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France meets Vietnam – Charlotte Cake inspired Bánh da lợn (Vietnamese “Pig Skin Cake”) with Cream-like Sesame Filling

June 5, 2011

So here it comes… …Give it up for the ultimate Charlotte Cake inspired Bánh da lợn with a rich and cream-like white sesame filling! … Well, okay. Maybe, I am exaggerating a bit right now, but really, I can tell you, if you have ever tried Vietnamese Bánh da lợn and fell in love with it in an instant (just like me 🙂 ), then you will be absolutely thrilled about this “Europeanized” version.

Actually, this cake is my contribution to my mother’s birthday party last sunday and luckily, my mother was quite happy with the result, since we both are huge fans of the traditional Vietnamese Bánh da lợn which literally means “pig skin cake”. But you can rest assured, I didn’t use any pig skin to make this dessert. I think it only got its name due to its texture which is supposed to be as gelatinously soft as real pig skin.

Normally, this Vietnamese cake is made by steaming differently flavored and colored batter layers consisting of coconut milk, tapioca and rice flour.

That’ s why it is also known as ” Bánh Chín Tầng Mây” (Nine Cloud Layers cake).

But on occasion of mom’s birthday party, I wanted it to be something special, so I came up with this Charlotte cake version and I think  it was a good decision though, since it doesn’t look that bad, right? 😉

Besides, I was quite into the white sesame filling which was actually not a real cream or mousse, rather a chewy, tender and fluffy something that I don’t know how to describe.

But it was yummy, REALLY yummy ^.^

By the way, in my case I ended up making too much batter, but I thought it would be a waste to throw the leftovers away, so I just poured the remaining batter in another greased baking dish, put it into the steamer and finally decorated it with some dried raisins as you can see in the picture.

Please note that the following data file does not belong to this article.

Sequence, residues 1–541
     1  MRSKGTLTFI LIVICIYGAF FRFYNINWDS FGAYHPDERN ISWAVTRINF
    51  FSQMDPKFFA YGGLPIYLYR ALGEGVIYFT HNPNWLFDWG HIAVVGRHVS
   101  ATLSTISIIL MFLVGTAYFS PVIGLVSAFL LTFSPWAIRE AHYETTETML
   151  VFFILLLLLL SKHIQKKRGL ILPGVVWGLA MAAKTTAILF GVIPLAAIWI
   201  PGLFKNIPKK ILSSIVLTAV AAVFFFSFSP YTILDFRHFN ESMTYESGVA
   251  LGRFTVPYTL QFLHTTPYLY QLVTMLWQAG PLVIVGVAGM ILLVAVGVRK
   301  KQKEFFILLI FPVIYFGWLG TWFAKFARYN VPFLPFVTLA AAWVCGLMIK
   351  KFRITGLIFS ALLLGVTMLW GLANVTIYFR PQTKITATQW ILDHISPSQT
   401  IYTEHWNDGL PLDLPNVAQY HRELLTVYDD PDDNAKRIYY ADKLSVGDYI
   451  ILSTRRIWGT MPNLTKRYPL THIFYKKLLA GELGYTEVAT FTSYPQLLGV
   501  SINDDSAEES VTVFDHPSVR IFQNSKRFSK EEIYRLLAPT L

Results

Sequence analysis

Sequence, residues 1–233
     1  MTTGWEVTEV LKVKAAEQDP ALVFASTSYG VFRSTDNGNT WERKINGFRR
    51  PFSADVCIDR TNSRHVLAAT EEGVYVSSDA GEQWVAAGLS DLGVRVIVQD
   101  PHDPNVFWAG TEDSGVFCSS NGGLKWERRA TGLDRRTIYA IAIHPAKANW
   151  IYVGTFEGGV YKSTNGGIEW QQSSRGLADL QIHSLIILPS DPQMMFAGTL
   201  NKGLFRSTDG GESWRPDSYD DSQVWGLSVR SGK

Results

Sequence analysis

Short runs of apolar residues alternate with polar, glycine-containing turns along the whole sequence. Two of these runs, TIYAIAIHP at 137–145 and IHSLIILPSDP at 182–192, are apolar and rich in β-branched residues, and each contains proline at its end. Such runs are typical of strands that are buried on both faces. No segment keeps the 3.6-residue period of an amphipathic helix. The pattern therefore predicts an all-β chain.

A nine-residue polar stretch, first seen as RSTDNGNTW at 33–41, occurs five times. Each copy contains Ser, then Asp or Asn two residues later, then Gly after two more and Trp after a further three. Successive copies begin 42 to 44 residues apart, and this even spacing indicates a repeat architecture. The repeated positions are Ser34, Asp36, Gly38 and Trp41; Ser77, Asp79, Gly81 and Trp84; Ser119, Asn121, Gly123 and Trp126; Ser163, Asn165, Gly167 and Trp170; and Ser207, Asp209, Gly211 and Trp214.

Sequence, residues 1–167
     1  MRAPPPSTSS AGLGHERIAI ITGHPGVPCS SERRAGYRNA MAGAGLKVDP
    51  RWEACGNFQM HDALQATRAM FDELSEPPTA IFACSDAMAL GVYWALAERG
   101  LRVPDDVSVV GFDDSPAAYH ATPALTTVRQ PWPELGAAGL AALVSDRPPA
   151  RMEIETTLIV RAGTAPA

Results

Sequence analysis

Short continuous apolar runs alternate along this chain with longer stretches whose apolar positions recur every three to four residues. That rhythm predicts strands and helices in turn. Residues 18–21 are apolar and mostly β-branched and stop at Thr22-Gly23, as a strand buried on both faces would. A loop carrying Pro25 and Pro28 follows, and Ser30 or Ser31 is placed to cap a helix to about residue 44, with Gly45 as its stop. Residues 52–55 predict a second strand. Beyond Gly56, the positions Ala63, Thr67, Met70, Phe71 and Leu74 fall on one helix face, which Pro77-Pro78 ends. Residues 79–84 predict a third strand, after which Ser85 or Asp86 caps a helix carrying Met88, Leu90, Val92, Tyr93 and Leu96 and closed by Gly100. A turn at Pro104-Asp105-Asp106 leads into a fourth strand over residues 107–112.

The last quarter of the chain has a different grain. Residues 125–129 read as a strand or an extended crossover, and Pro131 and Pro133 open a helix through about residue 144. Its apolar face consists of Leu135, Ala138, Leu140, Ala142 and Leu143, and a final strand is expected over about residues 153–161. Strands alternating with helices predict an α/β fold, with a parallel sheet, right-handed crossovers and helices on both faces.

And lo and behold, you have another nice dessert that is ready to be served.


Recipe adapted from Miss Adventure at Home



150 gr split and hulled mung beans (soaked overnight)

200 gr tapioca flour

60 gr rice flour

200 gr sugar

2 packages vanillin sugar

200 ml water

400 ml coconut milk

a pinch of salt

a few drops of pandan extract

yellow and green food coloring


200 gr tapioca flour

60 gr rice flour

200 gr cream

150 ml water

2 tbsp tahini (white sesame paste)

2 tbsp sugar

1 package vanillin sugar

skinned, raw peanuts for decoration


  1. Rinse and drain mung beans, put them in a little pot with the double amount of water and cook them for about 15 mins until they are tender and soft. Remove the foam on the surface occasionally during the cooking process.
  2. Let cool down for about 15 mins.
  3. Purée your mung bean mixture by using an immersion blender for example.
  4. Dissolve the sugar and vanillin sugar from (A) with 200 ml of water.
  5. Combine the coconut milk, sugar mixture, a pinch of salt and the tapioca and rice flour from (A) in a big bowl and stir well.